One Assembly candidate far outpaces others in fundraising effort

Donations also boom for local political action groups

Assembly member Jesse Kiehl speaks during an April 26 special Assembly meeting. Kiehl, the District 1 Assembly incumbent, has reported more than $35,000 in campaign income this fall. (Alex McCarthy | Juneau Empire)

With just a few days left before Juneau’s Oct. 3 municipal election, candidates and political action committees are wrapping up their fundraising efforts.


District 1 Assembly incumbent Jesse Kiehl leads the way with a reported campaign income of $35,306, according to his filing with the Alaska Public Offices Commission (APOC). District 2 Assembly incumbent Debbie White is the next-highest earner, reporting campaign income of $15,094.

Kiehl said he had to recently change his spending strategy as a result of the influx of donations.

“I’m humbled by how many people supported my campaign with their hard-earned dollars,” Kiehl said Thursday. “A few days ago, I raised my budget and I’ve taken the ‘donate’ button off my website.”

White’s challenger in District 2, Rob Edwardson, also broke into five-figure territory with a reported campaign income of $10,723, and Areawide incumbent Maria Gladziszewski reported $10,146 of earnings. Gladziszewski’s opponent, write-in candidate Andy Hughes, reported $9,291 of campaign income.

Of Kiehl’s two challengers in District 1, Chuck Collins has raised $8,477 and Loretto Jones did not file a report. Candidates are required to disclose their campaign expenses with APOC only if they intend to spend more than $5,000 on the campaign. If not, they can file a Municipal Exemption Statement and do not need to disclose their financial information. Jones’ form was filed Aug. 22.

The candidates will report their final financial figures no later than 105 days after election day.

Many of the candidates received at least a little funding from political action committees (PACs), including a couple of local groups. Representatives from the Juneau Pro-Choice Coalition (JPCC) PAC and Juneau Seniors Supporting Seniors both were pleased with the way money rolled in this election cycle.

JPCC, which backs candidates who support abortion rights, earned $5,185 this year, about $500 more than it reported just before the 2016 municipal election. Almost $2,400 of that went to printing and mailing postcards, according to the group’s APOC page, and Treasurer LaRae Jones said this was a big year for the mailing list.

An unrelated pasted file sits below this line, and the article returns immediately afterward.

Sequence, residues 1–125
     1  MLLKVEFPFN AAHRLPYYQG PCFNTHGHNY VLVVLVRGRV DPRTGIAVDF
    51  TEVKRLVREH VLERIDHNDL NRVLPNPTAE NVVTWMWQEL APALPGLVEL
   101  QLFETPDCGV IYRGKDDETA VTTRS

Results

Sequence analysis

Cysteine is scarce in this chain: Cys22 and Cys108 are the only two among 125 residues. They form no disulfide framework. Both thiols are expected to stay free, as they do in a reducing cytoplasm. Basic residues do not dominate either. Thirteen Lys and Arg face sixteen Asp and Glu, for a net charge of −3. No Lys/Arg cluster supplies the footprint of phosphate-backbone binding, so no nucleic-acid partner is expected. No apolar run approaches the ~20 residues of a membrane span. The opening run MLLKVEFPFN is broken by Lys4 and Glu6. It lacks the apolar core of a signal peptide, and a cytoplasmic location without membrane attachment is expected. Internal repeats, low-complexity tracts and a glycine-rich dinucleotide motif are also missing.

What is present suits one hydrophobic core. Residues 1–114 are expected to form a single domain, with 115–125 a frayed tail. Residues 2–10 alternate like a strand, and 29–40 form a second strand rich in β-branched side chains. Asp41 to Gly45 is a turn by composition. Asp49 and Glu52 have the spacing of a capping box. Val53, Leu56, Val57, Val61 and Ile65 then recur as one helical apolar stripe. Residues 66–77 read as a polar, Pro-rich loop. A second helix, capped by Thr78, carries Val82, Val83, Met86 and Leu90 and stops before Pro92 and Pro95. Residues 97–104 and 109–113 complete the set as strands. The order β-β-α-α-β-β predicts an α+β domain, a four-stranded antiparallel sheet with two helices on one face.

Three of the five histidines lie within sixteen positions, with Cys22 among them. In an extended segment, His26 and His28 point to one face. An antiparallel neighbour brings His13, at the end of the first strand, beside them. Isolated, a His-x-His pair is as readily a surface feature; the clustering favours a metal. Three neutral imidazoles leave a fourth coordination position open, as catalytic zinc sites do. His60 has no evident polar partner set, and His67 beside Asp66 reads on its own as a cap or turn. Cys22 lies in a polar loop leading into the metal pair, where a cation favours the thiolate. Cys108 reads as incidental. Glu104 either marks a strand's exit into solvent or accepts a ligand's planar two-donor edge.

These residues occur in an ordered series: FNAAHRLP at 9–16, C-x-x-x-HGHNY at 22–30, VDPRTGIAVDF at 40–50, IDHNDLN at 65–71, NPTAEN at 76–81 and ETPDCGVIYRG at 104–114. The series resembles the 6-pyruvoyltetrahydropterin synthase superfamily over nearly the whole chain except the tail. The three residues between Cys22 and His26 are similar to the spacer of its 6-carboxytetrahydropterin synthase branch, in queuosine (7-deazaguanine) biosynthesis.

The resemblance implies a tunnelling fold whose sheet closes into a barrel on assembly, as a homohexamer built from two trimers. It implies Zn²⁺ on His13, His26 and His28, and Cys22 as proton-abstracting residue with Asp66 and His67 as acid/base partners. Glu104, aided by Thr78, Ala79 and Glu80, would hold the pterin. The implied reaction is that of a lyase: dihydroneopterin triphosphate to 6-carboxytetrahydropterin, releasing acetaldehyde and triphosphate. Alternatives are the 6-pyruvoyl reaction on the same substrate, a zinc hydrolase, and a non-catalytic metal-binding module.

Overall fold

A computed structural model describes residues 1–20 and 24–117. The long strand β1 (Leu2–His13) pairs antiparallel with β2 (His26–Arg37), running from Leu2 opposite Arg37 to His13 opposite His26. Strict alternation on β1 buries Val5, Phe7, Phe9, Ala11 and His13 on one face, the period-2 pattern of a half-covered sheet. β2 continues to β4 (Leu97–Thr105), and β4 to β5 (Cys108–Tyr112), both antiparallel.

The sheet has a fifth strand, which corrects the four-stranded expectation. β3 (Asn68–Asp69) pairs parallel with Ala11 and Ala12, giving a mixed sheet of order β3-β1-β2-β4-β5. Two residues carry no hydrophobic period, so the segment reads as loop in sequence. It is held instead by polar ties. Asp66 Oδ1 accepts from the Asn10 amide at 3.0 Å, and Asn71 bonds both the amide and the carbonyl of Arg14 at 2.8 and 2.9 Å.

“This year we expanded our mailing list, which we hadn’t done in years,” Jones said. “We were also pleased that there were many more declared pro-choice candidates.”

Four Assembly candidates — Edwardson, Gladziszewski, Hughes, Jones and Kiehl — responded to the JPCC’s mailer this year and said they supported abortion rights. Kevin Allen was the only Board of Education candidate to respond, Jones said, and he also was in support. The PAC donated $150 to each of the campaigns, according to the APOC report.

Juneau Seniors Supporting Seniors, which is a group advocating for the reinstatement of a full sales tax exemption for seniors, has raised $2,834 to date. The group has spent almost exactly that much, reporting expenditures of $2,828.

Treasurer Ron Somerville said this campaign cycle went according to plan. Somerville is a deputy treasurer in Collins’ campaign, was previously a deputy treasurer in Hughes’ campaign, and the group endorses Edwardson. Though the PAC hasn’t reported any donations to candidates, it has bought advertising (including in this newspaper) on their behalf.

“We raised exactly what we wanted and paid for our flyer and ads,” Somerville said. “The remainder of the senior effort has been in supporting the three candidates we endorse by walking, distributing flyers, attending forums, encouraging seniors to participate and providing support to seniors to reach the polls.”

The group is looking to mobilize seniors to vote for Assembly candidates who have expressed the desire to reinstate a full sales tax exemption for those over 65. A 2015 city ordinance reduced the exemption to only “essential” items such as food or utilities.

The issue has divided the candidates during this election cycle, and though Somerville likes what he’s heard from some of the candidates, he’s ready for Oct. 3 to come and go.

“We feel good about the campaign,” Somerville said. “Like most people we will be glad when the election is over.”

• Contact reporter Alex McCarthy at 523-2271 or


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